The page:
Metabolic signatures of adiposity in young adults: Mendelian randomization analysis and effects of weight change

Peter Würtz, Qin Wang, Antti J Kangas, Rebecca C Richmond, Joni Skarp, Mika Tiainen, Tuulia Tynkkynen, Pasi Soininen, Aki S Havulinna, Marika Kaakinen, Jorma S Viikari, Markku J Savolainen, Mika Kähönen, Terho Lehtimäki, Satu Männistö, Stefan Blankenberg, Tanja Zeller, Jaana Laitinen, Anneli Pouta, Pekka MäntyselkäMauno Vanhala, Paul Elliott, Kirsi H Pietiläinen, Samuli Ripatti, Veikko Salomaa, Olli T Raitakari, Marjo-Riitta Järvelin, George Davey Smith, Mika Ala-Korpela

Research output: Contribution to journalArticle (Academic Journal)peer-review

212 Citations (Scopus)


BACKGROUND: Increased adiposity is linked with higher risk for cardiometabolic diseases. We aimed to determine to what extent elevated body mass index (BMI) within the normal weight range has causal effects on the detailed systemic metabolite profile in early adulthood.

METHODS AND FINDINGS: We used Mendelian randomization to estimate causal effects of BMI on 82 metabolic measures in 12,664 adolescents and young adults from four population-based cohorts in Finland (mean age 26 y, range 16-39 y; 51% women; mean ± standard deviation BMI 24 ± 4 kg/m(2)). Circulating metabolites were quantified by high-throughput nuclear magnetic resonance metabolomics and biochemical assays. In cross-sectional analyses, elevated BMI was adversely associated with cardiometabolic risk markers throughout the systemic metabolite profile, including lipoprotein subclasses, fatty acid composition, amino acids, inflammatory markers, and various hormones (p<0.0005 for 68 measures). Metabolite associations with BMI were generally stronger for men than for women (median 136%, interquartile range 125%-183%). A gene score for predisposition to elevated BMI, composed of 32 established genetic correlates, was used as the instrument to assess causality. Causal effects of elevated BMI closely matched observational estimates (correspondence 87% ± 3%; R(2)= 0.89), suggesting causative influences of adiposity on the levels of numerous metabolites (p<0.0005 for 24 measures), including lipoprotein lipid subclasses and particle size, branched-chain and aromatic amino acids, and inflammation-related glycoprotein acetyls. Causal analyses of certain metabolites and potential sex differences warrant stronger statistical power. Metabolite changes associated with change in BMI during 6 y of follow-up were examined for 1,488 individuals. Change in BMI was accompanied by widespread metabolite changes, which had an association pattern similar to that of the cross-sectional observations, yet with greater metabolic effects (correspondence 160% ± 2%; R(2) = 0.92).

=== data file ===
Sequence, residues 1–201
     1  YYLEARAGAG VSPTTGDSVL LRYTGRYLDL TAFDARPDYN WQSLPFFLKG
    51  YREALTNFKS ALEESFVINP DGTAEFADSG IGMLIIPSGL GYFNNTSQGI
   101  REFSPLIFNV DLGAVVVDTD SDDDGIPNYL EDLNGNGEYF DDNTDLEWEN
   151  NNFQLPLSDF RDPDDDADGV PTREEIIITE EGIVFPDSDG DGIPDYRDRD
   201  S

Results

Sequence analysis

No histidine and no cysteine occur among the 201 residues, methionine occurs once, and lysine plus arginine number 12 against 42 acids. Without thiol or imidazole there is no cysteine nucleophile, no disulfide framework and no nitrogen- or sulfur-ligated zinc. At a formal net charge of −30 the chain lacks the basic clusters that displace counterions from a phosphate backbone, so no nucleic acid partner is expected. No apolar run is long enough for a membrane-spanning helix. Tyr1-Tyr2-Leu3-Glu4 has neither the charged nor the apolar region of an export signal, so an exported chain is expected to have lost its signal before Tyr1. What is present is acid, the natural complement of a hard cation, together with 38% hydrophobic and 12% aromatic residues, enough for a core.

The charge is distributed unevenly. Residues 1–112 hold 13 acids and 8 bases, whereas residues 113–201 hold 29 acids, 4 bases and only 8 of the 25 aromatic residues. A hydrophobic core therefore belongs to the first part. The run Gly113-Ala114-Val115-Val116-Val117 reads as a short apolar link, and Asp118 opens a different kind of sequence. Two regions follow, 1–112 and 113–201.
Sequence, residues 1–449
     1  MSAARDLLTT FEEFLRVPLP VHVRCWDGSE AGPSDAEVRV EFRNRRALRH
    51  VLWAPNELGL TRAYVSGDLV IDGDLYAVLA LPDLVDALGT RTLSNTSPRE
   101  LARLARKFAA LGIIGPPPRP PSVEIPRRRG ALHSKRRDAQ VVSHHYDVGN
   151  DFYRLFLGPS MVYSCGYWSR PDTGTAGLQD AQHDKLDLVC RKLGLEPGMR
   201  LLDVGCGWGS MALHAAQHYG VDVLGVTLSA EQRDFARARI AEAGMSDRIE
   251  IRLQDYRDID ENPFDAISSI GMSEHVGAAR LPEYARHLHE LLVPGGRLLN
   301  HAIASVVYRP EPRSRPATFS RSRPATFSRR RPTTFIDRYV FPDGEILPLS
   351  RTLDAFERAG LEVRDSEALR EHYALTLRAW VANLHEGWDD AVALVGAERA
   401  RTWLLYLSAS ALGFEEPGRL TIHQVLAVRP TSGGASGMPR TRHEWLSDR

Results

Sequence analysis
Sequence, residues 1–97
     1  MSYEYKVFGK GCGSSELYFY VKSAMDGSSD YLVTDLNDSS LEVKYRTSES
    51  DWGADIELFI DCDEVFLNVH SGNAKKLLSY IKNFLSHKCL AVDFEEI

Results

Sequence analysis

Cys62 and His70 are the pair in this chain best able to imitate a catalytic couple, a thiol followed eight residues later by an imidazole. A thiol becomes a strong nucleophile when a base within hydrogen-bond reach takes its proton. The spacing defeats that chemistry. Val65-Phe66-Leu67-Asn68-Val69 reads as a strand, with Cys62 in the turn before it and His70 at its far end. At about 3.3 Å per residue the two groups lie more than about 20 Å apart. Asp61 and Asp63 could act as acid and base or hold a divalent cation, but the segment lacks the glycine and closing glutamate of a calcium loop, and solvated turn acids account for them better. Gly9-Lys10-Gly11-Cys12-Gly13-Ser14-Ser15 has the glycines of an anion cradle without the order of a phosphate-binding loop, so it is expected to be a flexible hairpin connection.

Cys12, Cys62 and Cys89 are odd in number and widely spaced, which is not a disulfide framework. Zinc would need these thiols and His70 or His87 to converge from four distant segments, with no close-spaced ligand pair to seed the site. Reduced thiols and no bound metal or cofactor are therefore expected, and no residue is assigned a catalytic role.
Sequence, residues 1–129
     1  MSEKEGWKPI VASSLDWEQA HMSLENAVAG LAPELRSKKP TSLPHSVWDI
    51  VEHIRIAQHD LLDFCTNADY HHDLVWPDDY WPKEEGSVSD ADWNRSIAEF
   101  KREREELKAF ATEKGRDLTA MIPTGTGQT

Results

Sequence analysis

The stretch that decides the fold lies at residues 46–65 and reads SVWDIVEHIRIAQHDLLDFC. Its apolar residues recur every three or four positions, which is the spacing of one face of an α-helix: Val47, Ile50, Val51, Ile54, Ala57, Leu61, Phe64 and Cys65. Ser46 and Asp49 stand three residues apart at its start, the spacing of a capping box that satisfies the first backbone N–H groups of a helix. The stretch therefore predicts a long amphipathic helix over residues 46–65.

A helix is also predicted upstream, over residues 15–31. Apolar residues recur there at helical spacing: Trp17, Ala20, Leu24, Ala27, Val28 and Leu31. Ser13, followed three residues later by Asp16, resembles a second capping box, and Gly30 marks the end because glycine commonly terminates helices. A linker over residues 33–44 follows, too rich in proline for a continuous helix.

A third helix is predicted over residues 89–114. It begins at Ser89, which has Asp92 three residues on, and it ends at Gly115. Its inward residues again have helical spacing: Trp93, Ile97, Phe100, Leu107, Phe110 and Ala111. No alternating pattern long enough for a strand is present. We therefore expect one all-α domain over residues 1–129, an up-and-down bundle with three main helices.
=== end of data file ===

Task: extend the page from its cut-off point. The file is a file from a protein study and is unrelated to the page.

CONCLUSIONS: Mendelian randomization indicates causal adverse effects of increased adiposity with multiple cardiometabolic risk markers across the metabolite profile in adolescents and young adults within the non-obese weight range. Consistent with the causal influences of adiposity, weight changes were paralleled by extensive metabolic changes, suggesting a broadly modifiable systemic metabolite profile in early adulthood. Please see later in the article for the Editors' Summary.

Original languageEnglish
Article numbere1001765
JournalPLoS Medicine
Issue number12
Publication statusPublished - 9 Dec 2014


  • Adiposity
  • Adult
  • Body Mass Index
  • Body Weight
  • Cross-Sectional Studies
  • Female
  • Humans
  • Male
  • Mendelian Randomization Analysis
  • Young Adult


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